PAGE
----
Our market

Constrained supply, together with increasing global demand for PGMs will results in fundamental deficits for these metals over the medium to long term.

Market perfomance

The platinum, palladium and rhodium markets were in deficit for 2014 due to overall demand growth and the five-month strike in South Africa. However, sentiment – particularly that of short-term players – rather than fundamentals drove prices down during 2014 and the first half of 2015. The unwillingness to trade on the back of platinum’s medium to long-term fundamentals are very much reflected in the lack of interest to buy at low prices.


Overall, 2014 was another relatively positive year for the global automotive industry, which achieved 3% growth for light-duty vehicle sales and exceeded 86 million vehicle sales against a backdrop of increased sales in North America, Western Europe, China and Japan. The 2015 first half year-to-date sales were similarly encouraging. However, growing concerns about financial volatility in the markets may result in the second half being flatter.

The slowing Chinese GDP growth and a cautious consumer attitude towards luxury goods – especially given the Chinese government’s clampdown on gifting – worked against platinum jewellery sales in China. However, increasing business and consumer confidence in other markets offset these losses. The Indian market continued to post double digit growth in 2014, albeit off a low base. Despite the April sales tax hike in Japan, the platinum jewellery market there continued to show positive signs of growth, with consumers purchasing higher purity pieces. The US market delivered good growth on the back of lower price point pieces and increased marketing efforts by retailers.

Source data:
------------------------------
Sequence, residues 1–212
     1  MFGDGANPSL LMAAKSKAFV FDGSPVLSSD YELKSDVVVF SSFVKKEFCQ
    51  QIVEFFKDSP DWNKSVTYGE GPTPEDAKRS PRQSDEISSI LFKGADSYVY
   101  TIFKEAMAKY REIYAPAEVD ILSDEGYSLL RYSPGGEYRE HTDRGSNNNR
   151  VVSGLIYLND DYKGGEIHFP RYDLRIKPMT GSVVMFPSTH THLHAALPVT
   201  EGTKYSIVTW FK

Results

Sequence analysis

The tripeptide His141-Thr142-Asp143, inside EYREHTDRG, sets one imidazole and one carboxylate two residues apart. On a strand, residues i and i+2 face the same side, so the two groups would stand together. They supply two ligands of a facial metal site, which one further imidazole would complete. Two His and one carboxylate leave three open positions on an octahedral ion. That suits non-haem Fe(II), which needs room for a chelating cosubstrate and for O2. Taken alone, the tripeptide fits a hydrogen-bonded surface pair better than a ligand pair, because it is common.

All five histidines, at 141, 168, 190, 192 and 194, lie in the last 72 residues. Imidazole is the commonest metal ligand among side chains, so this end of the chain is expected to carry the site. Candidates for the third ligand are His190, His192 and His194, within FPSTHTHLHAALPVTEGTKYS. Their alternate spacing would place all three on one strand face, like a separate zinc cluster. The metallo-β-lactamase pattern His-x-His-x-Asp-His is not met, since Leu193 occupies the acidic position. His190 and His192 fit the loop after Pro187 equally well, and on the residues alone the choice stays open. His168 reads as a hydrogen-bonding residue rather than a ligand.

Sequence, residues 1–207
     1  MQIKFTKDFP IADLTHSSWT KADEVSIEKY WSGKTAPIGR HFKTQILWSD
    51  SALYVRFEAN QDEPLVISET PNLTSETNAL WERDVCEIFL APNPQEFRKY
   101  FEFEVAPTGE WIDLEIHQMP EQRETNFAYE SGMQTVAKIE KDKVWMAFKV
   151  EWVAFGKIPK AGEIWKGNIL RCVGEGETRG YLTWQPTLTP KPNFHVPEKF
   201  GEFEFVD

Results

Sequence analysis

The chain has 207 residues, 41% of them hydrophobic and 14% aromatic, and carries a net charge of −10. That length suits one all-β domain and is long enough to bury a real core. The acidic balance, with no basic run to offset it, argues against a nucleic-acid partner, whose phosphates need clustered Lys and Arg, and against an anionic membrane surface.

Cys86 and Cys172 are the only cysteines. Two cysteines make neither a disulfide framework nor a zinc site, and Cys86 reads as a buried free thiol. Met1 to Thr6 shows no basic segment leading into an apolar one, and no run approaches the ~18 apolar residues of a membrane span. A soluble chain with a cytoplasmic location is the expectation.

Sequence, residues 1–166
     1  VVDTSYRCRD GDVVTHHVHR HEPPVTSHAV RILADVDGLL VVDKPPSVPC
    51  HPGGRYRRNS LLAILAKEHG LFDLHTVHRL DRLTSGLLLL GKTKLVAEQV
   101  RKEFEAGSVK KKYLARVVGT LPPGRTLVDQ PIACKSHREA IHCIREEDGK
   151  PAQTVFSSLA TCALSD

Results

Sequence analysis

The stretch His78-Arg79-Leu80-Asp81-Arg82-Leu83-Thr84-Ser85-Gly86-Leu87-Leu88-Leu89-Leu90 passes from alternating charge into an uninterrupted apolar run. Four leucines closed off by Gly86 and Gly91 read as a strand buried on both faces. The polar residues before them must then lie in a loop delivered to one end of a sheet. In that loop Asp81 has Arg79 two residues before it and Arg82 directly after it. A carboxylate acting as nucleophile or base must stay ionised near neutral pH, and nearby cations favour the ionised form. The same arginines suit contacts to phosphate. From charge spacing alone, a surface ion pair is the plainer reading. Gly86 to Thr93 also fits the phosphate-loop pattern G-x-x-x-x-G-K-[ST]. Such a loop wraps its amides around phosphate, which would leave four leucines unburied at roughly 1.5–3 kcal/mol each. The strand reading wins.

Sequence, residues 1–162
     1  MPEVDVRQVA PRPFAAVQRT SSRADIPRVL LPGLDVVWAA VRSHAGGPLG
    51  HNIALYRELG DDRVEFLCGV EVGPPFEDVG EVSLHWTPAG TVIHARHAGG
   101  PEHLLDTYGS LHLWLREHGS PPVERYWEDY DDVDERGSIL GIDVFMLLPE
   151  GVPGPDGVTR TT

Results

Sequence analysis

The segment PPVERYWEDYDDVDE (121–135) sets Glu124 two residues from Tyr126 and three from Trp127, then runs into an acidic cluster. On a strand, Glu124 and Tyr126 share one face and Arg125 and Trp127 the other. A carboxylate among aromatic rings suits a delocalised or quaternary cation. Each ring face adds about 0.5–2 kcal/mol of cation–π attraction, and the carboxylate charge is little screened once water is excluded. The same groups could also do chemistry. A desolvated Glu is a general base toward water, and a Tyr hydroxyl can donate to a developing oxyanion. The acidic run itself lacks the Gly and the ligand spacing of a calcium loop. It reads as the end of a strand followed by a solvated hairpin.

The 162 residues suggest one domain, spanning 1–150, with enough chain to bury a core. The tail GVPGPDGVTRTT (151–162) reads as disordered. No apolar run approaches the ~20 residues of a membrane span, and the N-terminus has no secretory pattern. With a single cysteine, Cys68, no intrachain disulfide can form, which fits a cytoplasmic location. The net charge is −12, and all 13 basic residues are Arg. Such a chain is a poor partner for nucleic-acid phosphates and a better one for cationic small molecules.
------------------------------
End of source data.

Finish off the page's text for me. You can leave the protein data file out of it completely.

It is expected that 2015 will continue to be a challenging year, especially in China where the platinum jewellery market is expected to fall by between 3% and 5%. However, the losses in the Chinese market are expected to be partially offset by the robust growth in India of between 25% and 28%, which is largely driven by the Platinum Guild International Evara programme.

The cumulative reduction in the use of platinum in glass and hard disk drives over the last few years has meant decreased demand from these sectors – the glass industry became a net supplier of platinum in 2014. Nevertheless, overall industrial requirements have been strong in 2014 driven largely by chemical, electrical and other applications, for example oxygen sensors.

Both platinum and palladium exchange traded funds (ETFs) grew during 2014, recording growth of 155 000 and 940 000 ounces respectively – driven mainly by South African funds. But there has been little movement during the first half of 2015, with an increase of only 50 000 ounces of platinum since the beginning of the year and palladium 86 000 ounces lower.

On the paper markets, the gross long interest for platinum on the NYMEX has dropped to its lowest level since November 2014. The gross long interest in palladium has followed suit. In contrast, short interest in both platinum and palladium has climbed into record territories – highlighting that investors are not impressed with the performance of prices in the short term.